How Smiling Can Backfire

Posted on September 18, 2014

This idea - that actions affect feelings - runs counter to how we generally think about our emotions. Ask average folks how emotions work - about the causal relationship between feelings and behavior - and they'll say we smile because we're happy, we run because we're afraid. But work by such psychologists as Fritz Strack, Antonio Damasio, Joe LeDoux shows the truth is often the reverse. What we feel is actually the product, not the cause, of what we do. It's called "somatic feedback." Only after we act do we deduce, by seeing what we just did, how we feel.

This bodes well, at first blush, for anyone trying to change their emotions for the better. All you'd need to do is act like the kind of person you want to be, and that's who you'll become. (Call it the Bobby McFerrin philosophy: "Aren't happy? Don't worry. Just smile!")

But new research, published in the Journal of Experimental Social Psychology by Aparna Labroo, Anirban Mukhopadhyay, and Ping Dong suggests there may be limits to our ability to proactively manage our own well-being. The team ran a series of studies examining whether more smiling led to more happiness. One asked people how much smiling they had done that day, and how happy they currently felt. Other studies manipulated the amount of smiling people actually did, either by showing them a series of funny pictures or by replicating a version of the pencil-holding experiment. As expected, across these experiments, the researchers found that the more people smiled, the happier they reported being.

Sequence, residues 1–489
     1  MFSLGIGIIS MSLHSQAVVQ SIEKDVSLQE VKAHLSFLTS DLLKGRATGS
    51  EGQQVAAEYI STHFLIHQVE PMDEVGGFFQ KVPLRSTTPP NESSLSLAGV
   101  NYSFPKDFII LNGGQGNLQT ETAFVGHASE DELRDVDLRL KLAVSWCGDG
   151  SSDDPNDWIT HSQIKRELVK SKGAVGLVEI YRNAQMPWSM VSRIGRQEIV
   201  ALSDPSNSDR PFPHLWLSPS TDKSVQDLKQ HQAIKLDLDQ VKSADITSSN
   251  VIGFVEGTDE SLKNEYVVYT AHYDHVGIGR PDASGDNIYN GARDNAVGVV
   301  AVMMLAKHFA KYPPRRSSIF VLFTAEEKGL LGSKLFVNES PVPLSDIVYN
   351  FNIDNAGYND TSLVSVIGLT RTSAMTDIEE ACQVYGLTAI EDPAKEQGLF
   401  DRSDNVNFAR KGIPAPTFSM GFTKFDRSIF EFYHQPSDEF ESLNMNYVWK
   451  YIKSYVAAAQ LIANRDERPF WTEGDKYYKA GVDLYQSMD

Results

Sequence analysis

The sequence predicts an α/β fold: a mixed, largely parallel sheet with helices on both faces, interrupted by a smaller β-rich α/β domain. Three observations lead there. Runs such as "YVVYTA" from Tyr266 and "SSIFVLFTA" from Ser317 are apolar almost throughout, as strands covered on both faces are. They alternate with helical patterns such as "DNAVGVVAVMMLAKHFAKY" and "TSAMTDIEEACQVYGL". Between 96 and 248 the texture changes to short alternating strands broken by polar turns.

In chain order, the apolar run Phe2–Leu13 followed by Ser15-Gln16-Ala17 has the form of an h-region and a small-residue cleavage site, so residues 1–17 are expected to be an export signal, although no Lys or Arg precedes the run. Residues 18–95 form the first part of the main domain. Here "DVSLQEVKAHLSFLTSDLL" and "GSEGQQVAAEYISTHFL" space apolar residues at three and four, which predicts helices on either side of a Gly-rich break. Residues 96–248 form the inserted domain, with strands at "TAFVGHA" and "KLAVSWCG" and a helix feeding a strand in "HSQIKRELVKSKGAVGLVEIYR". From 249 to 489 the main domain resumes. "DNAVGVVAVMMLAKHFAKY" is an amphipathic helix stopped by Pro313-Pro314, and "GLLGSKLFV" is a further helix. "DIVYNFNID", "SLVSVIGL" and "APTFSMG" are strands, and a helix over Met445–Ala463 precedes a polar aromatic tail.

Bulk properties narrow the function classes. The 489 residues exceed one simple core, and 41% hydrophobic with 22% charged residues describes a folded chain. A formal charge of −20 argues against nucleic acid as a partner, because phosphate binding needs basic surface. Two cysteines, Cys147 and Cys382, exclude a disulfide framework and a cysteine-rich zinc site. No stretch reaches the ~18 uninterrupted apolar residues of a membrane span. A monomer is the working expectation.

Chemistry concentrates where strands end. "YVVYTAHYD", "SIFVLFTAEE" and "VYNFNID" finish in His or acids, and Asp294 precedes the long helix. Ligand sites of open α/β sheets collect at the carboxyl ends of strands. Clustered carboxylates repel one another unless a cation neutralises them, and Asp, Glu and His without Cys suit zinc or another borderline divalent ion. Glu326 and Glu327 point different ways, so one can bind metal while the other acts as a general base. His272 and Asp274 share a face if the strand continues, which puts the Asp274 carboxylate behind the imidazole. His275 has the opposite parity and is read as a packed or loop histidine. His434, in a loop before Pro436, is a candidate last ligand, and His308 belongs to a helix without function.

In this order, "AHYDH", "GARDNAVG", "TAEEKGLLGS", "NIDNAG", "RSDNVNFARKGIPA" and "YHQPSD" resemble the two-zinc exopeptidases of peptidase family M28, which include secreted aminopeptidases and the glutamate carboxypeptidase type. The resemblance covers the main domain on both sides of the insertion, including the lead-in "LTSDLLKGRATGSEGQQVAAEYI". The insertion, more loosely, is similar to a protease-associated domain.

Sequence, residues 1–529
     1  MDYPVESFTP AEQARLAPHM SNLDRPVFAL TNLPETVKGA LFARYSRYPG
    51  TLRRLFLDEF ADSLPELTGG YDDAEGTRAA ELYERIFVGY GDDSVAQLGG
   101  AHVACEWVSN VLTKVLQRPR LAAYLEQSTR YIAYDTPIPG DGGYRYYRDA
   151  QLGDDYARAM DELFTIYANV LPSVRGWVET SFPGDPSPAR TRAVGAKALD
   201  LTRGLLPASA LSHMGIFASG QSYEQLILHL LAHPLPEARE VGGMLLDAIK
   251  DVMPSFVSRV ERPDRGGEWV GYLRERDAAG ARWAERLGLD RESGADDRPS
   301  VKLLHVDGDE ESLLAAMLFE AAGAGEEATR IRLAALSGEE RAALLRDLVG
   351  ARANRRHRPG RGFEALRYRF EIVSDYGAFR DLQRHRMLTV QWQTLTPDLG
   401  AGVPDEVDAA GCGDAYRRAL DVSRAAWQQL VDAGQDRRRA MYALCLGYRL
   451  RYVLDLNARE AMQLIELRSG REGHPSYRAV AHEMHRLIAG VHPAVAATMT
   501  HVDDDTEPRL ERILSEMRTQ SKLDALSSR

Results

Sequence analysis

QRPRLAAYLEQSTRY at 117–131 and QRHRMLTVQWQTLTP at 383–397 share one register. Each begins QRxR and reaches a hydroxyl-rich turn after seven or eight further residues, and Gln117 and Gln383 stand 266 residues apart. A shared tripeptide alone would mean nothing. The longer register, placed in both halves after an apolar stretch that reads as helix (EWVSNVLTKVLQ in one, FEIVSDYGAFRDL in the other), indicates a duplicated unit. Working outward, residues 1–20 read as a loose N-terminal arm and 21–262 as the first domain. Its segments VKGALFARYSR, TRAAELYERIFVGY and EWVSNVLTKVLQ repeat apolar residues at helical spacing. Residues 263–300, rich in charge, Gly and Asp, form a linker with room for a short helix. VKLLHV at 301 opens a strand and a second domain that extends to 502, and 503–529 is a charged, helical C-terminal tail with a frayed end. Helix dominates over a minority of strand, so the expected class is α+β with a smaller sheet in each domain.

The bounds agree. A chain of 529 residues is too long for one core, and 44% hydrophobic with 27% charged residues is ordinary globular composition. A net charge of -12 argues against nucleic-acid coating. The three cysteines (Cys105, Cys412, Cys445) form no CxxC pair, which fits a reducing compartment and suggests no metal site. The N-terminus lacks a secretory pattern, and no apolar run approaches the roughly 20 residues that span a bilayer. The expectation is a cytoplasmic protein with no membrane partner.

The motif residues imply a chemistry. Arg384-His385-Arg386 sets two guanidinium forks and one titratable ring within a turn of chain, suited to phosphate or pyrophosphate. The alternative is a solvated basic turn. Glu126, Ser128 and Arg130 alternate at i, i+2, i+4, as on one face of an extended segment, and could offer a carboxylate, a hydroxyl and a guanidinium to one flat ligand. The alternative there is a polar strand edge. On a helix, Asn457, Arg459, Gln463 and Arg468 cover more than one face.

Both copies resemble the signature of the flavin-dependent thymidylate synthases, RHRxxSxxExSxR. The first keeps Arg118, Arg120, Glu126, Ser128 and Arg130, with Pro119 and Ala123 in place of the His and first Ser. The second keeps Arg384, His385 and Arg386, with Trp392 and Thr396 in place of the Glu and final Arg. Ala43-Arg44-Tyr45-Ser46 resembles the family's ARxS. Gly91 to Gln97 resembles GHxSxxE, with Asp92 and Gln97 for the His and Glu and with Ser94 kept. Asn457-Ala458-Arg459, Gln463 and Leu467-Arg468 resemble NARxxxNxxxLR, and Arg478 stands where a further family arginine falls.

But only some people. Surprisingly, for a section of the population, smiling actually reduced well-being.

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Source material from Scientific American


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